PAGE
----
As a part of our “Dans le avant-garde” series, “Funnyhouse of a Negro” by Adrienne Kennedy, directed by Zaylin Yates, is a poetic and symbolic investigation into one woman’s mind before her death. Sarah has created four different personas as a way to grapple with her own self-hatred: Queen Victoria, the Duchess of Hapsburg, Jesus, and Patrice Lumumba. With these four characters at her side, Sarah tries to make sense of her conception (from rape), her life without her parents, and the creeping insanity that she feels all around her.
Runtime: Approximately 1hr. 10mins. (No intermission)
Following the show, on October 23, in partnership with South Florida Afro Pride, we will host “Between Two Worlds,” a symposium on colorism and self-identity. This symposium will focus on mental and emotional healing for biracial men and women. Additionally, tackling topics on how the community can seek emotional healing. Learning tools to practice self-love and embracing all the things that define their humanity. Mental illness, self-hate, and the need to be socially accepted are issues that currently plague the Black and BIPOC communities. Avoiding these conversations increases the number of suicide attempts we experience in Miami Dade County. This symposium will feature a panel of special guests and focus on mental and emotional healing for black/brown men and women. Mental illness, self-hate, and the need to be socially accepted are issues that currently plague the black community, and it is time to have a conversation. Admission to the symposium will be free. If you plan to only attend the symposium, you will be admitted once the performance concludes. The Symposium will also be streamed online via Zoom and Facebook Live.
Where: Little Haiti Cultural Center (212 NE 59th Ter, Miami, FL 33137)
“Funnyhouse of a Negro” is presented by arrangement with Concord Theatricals on behalf of Samuel French, Inc. www.concordtheatricals.com”
Adrienne Kennedy first gained attention with Funnyhouse of a Negro, which was produced off-Broadway in 1964. Kennedy’s plays usually do not rely on straightforward narratives, but rather utilize symbolism and dreamlike conditions to convey messages about racism, sexism, colonialism and other destructive forces. They have also incorporated her own personal history and featured Black women as protagonists. In November 2021, it was announced that Kennedy’s 1990 play Ohio State Murders would appear on Broadway, which would be her Broadway debut.
Adrienne Kennedy has earned a place as one of contemporary America’s most renowned and admired African American authors, lecturers, and playwrights. Kennedy was born in Pittsburgh, Pennsylvania on September 13, 1931 to Cornell Wallace and Etta (Haugabook) Hawkins. Kennedy spent her childhood in Cleveland, Ohio, where she attended public schools. She graduated from Ohio State University with a B.A in Education in 1953. In May of that same year she wed Joseph C. Kennedy with whom she had two children. After the birth of her oldest son, Kennedy continued to pursue her education by attending Columbia University (1954-56), the American Theatre Wing, the New School of Social Research, and Circle in the Square Theatre School. Kennedy also participated in Edward Albee’s Theatre Workshop, in New York City.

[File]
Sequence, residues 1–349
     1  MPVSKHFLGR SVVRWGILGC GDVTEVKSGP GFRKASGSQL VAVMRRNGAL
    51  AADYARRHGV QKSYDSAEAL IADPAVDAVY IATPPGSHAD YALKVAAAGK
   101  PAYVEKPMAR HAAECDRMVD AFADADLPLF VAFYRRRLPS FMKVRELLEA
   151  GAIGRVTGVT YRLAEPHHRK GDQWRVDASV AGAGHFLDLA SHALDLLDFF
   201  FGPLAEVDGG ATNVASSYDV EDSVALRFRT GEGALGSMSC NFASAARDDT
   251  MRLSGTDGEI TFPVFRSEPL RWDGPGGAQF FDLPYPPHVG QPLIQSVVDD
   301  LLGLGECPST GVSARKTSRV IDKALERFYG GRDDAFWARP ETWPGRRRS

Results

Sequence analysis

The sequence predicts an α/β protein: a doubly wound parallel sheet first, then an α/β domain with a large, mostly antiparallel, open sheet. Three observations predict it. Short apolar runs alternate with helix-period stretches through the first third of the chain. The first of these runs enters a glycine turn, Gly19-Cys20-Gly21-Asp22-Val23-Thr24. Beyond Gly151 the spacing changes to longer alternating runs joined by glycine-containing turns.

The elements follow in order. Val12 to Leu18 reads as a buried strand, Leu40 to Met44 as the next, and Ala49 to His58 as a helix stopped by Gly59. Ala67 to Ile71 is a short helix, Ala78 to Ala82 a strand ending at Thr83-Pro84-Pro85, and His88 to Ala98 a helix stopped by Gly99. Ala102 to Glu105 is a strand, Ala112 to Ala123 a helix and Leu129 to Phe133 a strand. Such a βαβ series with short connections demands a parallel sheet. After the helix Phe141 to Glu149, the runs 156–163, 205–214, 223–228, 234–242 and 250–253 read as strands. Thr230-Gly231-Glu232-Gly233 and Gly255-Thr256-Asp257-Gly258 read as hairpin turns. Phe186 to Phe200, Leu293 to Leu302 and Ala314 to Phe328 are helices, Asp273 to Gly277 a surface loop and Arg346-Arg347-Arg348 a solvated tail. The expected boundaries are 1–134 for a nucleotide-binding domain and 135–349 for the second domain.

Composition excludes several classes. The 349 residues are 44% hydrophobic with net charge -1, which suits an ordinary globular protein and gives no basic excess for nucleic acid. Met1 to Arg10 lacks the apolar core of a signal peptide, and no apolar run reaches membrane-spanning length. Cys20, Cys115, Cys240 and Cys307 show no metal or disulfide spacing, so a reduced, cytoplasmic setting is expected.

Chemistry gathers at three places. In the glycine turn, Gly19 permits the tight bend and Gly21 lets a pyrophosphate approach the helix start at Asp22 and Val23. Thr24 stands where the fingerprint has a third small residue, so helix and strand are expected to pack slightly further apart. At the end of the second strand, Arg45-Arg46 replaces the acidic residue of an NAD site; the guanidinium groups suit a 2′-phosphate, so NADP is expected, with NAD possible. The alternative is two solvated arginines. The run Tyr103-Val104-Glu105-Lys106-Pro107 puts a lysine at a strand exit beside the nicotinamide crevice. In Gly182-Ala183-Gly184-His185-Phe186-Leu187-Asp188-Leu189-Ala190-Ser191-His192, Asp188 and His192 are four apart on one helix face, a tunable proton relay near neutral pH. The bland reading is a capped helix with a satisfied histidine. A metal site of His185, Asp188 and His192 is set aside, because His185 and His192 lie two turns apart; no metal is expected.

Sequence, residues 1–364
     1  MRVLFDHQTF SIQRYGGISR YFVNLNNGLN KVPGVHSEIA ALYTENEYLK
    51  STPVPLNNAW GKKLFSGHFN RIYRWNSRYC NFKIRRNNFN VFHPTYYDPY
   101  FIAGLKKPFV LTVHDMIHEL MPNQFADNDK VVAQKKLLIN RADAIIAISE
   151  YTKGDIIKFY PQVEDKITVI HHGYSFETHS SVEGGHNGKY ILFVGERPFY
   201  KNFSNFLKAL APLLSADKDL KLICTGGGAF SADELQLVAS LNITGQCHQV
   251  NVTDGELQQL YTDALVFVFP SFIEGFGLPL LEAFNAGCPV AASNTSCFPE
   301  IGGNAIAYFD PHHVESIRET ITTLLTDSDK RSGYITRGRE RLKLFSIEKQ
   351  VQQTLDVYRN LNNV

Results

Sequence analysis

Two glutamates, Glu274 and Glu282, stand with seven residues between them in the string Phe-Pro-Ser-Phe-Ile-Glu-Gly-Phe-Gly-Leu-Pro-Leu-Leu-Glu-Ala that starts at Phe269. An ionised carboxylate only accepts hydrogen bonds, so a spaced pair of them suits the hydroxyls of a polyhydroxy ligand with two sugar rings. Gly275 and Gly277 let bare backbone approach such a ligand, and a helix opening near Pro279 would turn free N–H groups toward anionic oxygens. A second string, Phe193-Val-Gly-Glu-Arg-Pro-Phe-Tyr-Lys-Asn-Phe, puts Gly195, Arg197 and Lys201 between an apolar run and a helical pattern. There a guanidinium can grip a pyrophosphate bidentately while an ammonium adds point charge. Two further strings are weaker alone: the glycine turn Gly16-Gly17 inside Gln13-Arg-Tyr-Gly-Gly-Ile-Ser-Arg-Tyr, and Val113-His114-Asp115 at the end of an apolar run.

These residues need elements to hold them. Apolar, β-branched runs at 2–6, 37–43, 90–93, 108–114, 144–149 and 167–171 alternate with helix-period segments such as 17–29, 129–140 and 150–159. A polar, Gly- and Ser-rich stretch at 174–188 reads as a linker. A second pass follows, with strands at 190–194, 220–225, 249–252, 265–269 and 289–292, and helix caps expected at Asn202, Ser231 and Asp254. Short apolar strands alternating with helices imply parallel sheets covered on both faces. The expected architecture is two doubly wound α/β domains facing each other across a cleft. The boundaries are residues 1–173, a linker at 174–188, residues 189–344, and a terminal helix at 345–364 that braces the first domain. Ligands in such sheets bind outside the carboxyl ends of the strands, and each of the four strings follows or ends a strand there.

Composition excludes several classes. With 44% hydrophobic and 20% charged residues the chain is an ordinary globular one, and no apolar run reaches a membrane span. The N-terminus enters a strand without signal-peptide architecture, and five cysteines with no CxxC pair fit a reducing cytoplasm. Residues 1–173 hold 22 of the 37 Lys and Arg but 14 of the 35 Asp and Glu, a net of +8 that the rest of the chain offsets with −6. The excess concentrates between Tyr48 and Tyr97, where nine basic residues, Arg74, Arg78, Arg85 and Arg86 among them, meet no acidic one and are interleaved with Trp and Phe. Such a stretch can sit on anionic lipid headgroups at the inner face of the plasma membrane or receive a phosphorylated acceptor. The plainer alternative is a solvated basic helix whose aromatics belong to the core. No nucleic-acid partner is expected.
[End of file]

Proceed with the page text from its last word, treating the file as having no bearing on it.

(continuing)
As a proud Florida A&M University graduate born and raised in Tampa, FL, Jessica Raquel believes in celebrating/honoring the many layers of Afro narrative through shape shifting while storytelling. Whether that celebration consists of poetic nuance, some form of musicality (Theta Nu Chapter of Sigma Alpha Iota) or the cultivation of a simple creative safe space such as Brown Suga Said It (her podcast) it is always intentional. Performing (both freely and competitively) on a national scale as a Professional Spoken Word Artist in D.C, Atlanta, Chicago, San Francisco, Jacksonville, Miami etc and on the original lineup/cast of shows such as “Speak Up Poetry Series”.
Raquel hasn’t dismissed her poetic roots in pursuit of finding the “human” within the script. Some of Raquel’s rhythm and rhyme can be felt in her roles in “From the Mississippi Delta” in the Edinburgh Fringe Festival or as a company actor in the 2021 Season of Black Girls Luv the Bard company (in partnership with Play On Shakespeare).
Raquel “creates/speaks because it’s medicine”.
Jamall Lynch was born in Boynton Beach, FL, but raised in Miami Gardens, FL. Jamall graduated class of 2021 from Dr. Michael M. Krop Sr. High School under the direction of Jamel Booth. Jamall also received training from New World School of the Arts. Jamall currently attends Broward College pursuing his Associate of Arts and will soon transfer to Florida A&M University to obtain his Bachelor of Arts degree. Jamall was first exposed to theatre in his role as Timon in “The Lion King Jr.” at Norland Middle School, under the direction of Tanisha Cidel. Being in that production kick started his passion which led to a strong 8 years of theatre work throughout South Florida. Jamall has portrayed characters such as C.C. White in “Dreamgirls”, Alexander Hamilton in “Hamilton: An American Musical”, and Benny in “In the Heights”. Jamall is excited to join the cast of Brévo Theatre’s production.